Board Review Course Pass Rates Are Bogus. Here’s Why.
The great enemy of the truth is very often not the lie—deliberate, contrived, and dishonest—but the myth—persistent, persuasive, and unrealistic.
I recently returned from a medical education conference and spoke to many residents and attendings who were preparing to take their certification or board exam. One question I was repeatedly asked was: “What is your pass rate?” This seems like a reasonable question, right?
But it drives me crazy.
Not because someone is curious about statistics, but because some companies actually publish “pass rates.”
Companies that publish pass rates are misleading you. It’s that simple.
Let’s look at an example.
5,000 people use Rosh Review to prepare for their upcoming board exam. A pass rate of 98% means 4,900 of Rosh Review users passed their board exam and 100 people failed. Seems reasonable since the actual pass rate of most certifying exams is between 70% and 92% of all first-time test-takers.
A closer look reveals the catch: to promote or publish a 98% pass rate, Rosh Review has to track down and ask 5,000 users whether or not they passed their board exam. For those of you involved in research, you are familiar with response rates. A good response rate for a survey is around 20%. Assuming that holds true, out of 5,000 people, we could reasonably expect a response from 1,000 people. So, out of 1,000 respondents, 980 say they passed, which translates to a 98% pass rate.
This is pseudoscience. Plain and simple.
But there’s more…
I dug a little deeper into how some companies publish their pass rates and this is what I found.
Many companies, including Rosh Review, has a guarantee of passing. Meaning, if you use our service and do not pass your exam, we will refund you 100% of the cost (I’ve seen some companies who refund 150% of the cost…so you get paid if you fail!) What some companies do is take the number of people who asked for a refund and divide it by the total number of users of the product.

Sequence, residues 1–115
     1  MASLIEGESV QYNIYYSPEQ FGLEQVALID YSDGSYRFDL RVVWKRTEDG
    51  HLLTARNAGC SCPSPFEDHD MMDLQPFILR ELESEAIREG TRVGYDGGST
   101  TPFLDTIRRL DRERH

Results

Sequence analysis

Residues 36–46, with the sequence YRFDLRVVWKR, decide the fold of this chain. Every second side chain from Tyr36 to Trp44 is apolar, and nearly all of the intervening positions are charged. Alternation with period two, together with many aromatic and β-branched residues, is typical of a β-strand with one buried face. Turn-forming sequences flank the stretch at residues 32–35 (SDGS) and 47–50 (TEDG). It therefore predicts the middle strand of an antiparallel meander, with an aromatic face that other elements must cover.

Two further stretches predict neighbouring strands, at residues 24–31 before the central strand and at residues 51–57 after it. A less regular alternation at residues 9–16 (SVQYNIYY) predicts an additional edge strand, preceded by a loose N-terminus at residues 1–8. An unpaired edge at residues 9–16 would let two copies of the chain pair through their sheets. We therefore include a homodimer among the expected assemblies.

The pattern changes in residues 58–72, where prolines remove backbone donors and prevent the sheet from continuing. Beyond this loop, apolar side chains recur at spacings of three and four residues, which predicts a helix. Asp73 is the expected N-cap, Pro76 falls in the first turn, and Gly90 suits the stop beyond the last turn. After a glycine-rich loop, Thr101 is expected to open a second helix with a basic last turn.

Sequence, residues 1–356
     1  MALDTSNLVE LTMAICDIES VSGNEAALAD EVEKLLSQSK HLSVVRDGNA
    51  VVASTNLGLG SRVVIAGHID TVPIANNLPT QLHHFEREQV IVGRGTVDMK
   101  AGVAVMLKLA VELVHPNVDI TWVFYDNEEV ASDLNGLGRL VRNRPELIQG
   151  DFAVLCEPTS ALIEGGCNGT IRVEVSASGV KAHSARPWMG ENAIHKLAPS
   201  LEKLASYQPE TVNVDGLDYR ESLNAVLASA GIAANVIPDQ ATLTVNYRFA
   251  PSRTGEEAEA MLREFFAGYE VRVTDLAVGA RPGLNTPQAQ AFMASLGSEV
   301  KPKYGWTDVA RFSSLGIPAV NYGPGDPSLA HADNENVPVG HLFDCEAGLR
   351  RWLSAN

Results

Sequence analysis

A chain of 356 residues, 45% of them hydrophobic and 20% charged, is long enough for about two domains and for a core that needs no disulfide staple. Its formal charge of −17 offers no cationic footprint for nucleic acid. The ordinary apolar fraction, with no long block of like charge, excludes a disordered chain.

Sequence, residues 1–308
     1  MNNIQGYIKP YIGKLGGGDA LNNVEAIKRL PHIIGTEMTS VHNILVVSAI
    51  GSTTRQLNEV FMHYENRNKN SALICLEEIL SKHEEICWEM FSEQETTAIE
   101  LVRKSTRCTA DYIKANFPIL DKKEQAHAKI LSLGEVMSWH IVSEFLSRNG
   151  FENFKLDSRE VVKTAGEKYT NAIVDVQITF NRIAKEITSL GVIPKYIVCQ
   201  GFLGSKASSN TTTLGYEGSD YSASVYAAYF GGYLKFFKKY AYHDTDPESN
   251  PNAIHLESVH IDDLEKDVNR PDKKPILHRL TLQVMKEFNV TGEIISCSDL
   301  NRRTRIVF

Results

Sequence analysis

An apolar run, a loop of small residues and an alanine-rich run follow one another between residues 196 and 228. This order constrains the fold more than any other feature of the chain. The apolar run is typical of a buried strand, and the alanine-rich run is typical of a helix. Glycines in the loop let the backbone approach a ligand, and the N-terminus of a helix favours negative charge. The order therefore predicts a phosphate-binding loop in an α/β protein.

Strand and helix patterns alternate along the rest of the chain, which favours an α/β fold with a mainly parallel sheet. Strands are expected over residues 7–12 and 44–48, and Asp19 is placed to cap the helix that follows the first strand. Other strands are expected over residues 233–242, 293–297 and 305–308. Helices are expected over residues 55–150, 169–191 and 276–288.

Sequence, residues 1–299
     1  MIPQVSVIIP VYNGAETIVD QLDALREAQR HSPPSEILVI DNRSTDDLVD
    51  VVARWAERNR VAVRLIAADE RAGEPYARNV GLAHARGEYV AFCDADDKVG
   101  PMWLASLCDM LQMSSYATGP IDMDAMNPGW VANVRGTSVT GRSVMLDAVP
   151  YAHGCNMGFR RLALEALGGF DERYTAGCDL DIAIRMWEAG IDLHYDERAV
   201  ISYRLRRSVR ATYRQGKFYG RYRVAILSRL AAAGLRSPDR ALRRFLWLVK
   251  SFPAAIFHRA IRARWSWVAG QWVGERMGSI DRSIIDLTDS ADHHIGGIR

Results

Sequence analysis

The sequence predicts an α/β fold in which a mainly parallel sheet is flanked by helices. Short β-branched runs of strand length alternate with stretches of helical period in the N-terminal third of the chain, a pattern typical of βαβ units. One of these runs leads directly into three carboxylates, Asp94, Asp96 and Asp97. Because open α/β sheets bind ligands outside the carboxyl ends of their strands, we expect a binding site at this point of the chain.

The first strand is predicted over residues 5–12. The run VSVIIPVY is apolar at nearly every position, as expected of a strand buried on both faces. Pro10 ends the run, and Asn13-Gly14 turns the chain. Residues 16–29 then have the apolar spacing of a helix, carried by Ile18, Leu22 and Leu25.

The big assumption is that all users who fail also ask for a refund, which I can tell from my experience with Rosh Review is nonsense (more on this later).
Here is the truth: the only entity who can publish an accurate pass rate is the certifying body itself.
Knowing this, Rosh Review takes a different approach.
First, we do not publish a pass rate. If we did, we’d be misleading you and be practicing pseudoscience. This is not part of our core values.
Second, we do offer a “100% guarantee” to people who do not pass their board exam. These are our numbers (since 2012) [updated Nov 2019] for people who have acted upon our “100% guarantee” promise (based on approximately 200,000+ total customers):
- Emergency medicine initial certification exam: 14
- Emergency medicine recertification (ConCert) exam: 10
- Family medicine initial certification exam: 5
- Family Medicine certification exam: 4
- PANCE: 16
- PANRE: 7
- Pediatrics initial certification exam: 3
- Pediatrics recertification exam: 1
- Pediatric emergency medicine certification exam: 2
- Family nurse practitioner certification exam: 3
- Emergency nurse practitioner certification exam: 2
- Special purpose exam: 1
So…what is Rosh Review’s pass rate?
I don’t know.
What I can tell you is that none of these customers who acted on our “100% guarantee” asked for their money back. Instead, they asked to continue to use the Rosh Review question bank as they prepared to retake their board exam. Our subscribers find it more beneficial to stay with Rosh Review than to ask for a refund.
We understand how important it is to pass your high-stakes exam. Your career depends on it. This creates a new standard for us. Our “100% guarantee” is not simply to return a subscription fee.
Our “100% guarantee” means we promise we are going to stick by your side and do whatever it takes to help you reach your goals and achieve your dreams.
This reminds me of a blog post I once read by Seth Godin, who highlighted the difference between “dazzling people with hype” or “investing in delighting people.” The example he used to describe investing in delighting people is “the insurance company that points out 99% of its customers would recommend them—after filing a claim. Imagine that standard: dealing with the emotions and financial impact of an insurance claim, knowing that you need to maintain a 99% delight standard.”
So instead of promoting a “98% pass rate,” Rosh Review promotes a “100% delight standard.”
We aim to dazzle you by our commitment to your success; by always providing the highest-quality content, and to continually go one step further. We believe it is a privilege to work for you and will always stand by you.
Adam Rosh, MD
Founder of Rosh Review